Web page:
By Laurence Gale MSc
How many golf courses allow play on their greens during frosty conditions? Ideally none, however there are many golf clubs who unfortunately do. WHY?
There may be several reasons :-
- Player Pressure?
- No closed course policy?
- Have no temporary greens?
- Lack of understanding of what harm can occur to the turf from frost damage.
- Revenue Needs
Many club members expect to be able to play the greens all year round. Once they have booked a game, they expect to play whatever the weather. Many courses do not implement a closed course policy, or maybe just need to keep the course open for financial reasons.
Damage to the Greens
Turf is especially prone to damage when it is frozen or when the ground is thawing. Normal practice is for a course to remain closed until the ground has completely thawed, which often occurs by mid morning.
What happens to turf in frost conditions?
Frost on the grass leaf blades tells us that the water inside the leaves is frozen. Remember that 80+% of plant tissue is made up of water, the primary component of plant tissue. When this water is frozen, foot traffic on the turf causes the ice crystals in the cells to puncture through the plant's cell walls, thus killing plant tissue.
When they are frozen the leaves of the turf get easily bruised by player's feet. After thawing, the affected turf turns black or brown and becomes sparse. The turf can often remain thin for long periods if damage occurs early in the winter. The fine turf on greens becomes more susceptible to disease and the putting surface becomes very uneven.
More long-term damage can be caused when play takes place as the turf is thawing after a prolonged freeze. Under these conditions the top surface of the turf may be soft, but the underlying soil can still be frozen. Root damage occurs easily from a shearing action as player's feet move the soft top surface against the frozen sub soil.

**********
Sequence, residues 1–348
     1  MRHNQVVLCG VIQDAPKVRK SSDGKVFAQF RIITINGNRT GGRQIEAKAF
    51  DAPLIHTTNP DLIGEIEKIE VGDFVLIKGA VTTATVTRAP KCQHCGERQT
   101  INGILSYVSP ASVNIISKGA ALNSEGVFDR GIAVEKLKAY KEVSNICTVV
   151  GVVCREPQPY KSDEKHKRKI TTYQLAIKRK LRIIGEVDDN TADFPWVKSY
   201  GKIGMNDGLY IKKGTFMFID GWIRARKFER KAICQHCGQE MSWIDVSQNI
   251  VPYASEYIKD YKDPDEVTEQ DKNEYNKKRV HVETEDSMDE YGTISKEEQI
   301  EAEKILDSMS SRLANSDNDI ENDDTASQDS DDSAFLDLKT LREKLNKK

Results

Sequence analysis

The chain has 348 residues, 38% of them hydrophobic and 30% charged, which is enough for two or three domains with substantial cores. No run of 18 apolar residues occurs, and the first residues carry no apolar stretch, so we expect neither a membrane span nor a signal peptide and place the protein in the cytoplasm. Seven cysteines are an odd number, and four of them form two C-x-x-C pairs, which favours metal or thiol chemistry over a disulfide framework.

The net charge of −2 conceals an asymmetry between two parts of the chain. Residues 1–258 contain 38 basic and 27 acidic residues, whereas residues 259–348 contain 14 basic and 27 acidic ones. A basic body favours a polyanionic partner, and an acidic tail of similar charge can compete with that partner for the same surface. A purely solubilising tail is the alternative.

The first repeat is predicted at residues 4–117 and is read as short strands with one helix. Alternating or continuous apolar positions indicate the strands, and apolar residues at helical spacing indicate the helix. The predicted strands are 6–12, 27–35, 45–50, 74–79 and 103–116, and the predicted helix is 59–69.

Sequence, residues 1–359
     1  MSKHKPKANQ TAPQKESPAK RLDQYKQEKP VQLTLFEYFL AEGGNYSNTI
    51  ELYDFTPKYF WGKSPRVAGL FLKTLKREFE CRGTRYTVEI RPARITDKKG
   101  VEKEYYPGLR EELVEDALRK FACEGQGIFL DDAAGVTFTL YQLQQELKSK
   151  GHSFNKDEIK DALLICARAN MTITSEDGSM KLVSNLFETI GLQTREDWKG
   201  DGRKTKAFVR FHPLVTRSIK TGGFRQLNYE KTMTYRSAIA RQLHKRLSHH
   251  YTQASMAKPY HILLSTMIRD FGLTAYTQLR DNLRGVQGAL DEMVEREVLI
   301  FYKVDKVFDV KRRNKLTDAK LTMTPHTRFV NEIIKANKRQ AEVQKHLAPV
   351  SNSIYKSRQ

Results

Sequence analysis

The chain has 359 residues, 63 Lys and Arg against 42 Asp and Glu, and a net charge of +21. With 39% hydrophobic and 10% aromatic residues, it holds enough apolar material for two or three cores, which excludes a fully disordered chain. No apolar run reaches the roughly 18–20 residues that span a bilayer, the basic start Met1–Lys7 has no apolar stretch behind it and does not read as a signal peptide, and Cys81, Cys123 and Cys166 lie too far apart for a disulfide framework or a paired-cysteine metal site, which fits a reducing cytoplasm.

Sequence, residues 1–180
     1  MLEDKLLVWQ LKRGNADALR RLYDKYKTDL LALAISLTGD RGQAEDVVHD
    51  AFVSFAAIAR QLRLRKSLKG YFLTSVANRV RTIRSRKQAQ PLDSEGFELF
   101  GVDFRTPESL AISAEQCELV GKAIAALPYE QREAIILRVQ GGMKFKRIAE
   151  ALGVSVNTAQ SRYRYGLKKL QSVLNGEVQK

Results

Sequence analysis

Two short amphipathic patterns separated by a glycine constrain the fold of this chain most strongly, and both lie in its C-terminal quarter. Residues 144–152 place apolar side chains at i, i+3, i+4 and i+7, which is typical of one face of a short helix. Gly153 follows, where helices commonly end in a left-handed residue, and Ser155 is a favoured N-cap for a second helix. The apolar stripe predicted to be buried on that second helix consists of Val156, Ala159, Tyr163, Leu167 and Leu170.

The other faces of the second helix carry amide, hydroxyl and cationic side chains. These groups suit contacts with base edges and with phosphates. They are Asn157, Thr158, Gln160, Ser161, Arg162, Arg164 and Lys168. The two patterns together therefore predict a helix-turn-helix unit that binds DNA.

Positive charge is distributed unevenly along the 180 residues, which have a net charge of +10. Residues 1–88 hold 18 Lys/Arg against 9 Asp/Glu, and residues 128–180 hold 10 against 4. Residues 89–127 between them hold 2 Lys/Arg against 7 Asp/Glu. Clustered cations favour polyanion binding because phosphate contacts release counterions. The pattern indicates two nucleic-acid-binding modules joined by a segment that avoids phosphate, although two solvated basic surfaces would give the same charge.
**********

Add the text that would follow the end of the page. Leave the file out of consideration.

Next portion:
The process of damage to the turf normally occurs in the following pattern:
- Bruising and damage to the leaf.
- Loss of turf colour.
- Severing of grass roots.
- Compaction of the soil.
- Thinning of the swards.
Each time you continue to allow play on frosty greens you continue to promote further turf decline. Low soil and air temperatures prevent turfgrass recovery.
However, many golf clubs do operate a favourable frost policy, whereby a number of contingencies are put in place to reduce frost damage on the course and allow golf to be played during frosty conditions, some of the methods used by clubs include:
- Many clubs are now using artificial winter tee mats, which are brought out for the winter period.
- Temporary green areas have been mown out and introduced for winter play.
- The course is inspected every morning by the greenkeeping staff who then make a judgement on whether the greens / or which greens are playable depending on the severity of the frost.
Often if the frost is a haw frost, it is likely that many of the greens will be playable by late morning once thawed. In most cases frost damage will not be noticeable until the spring when long term damage has already occurred. A poor thin sward, a heavy compacted green and a poor putting surface are all consequences of play being allowed on frosty courses.
The best policy is for a club to inform club members / players of the reasons why greens and courses must be closed during heavy frosts. Explaining these facts to the members and players will help them understand the longer term benefits of maintaining the sward quality of their greens.
What is your Golf Clubs policy on playing during Frost?
Please let us know with comments below, also why do Golf Clubs not use frost protection covers on their more exposed greens?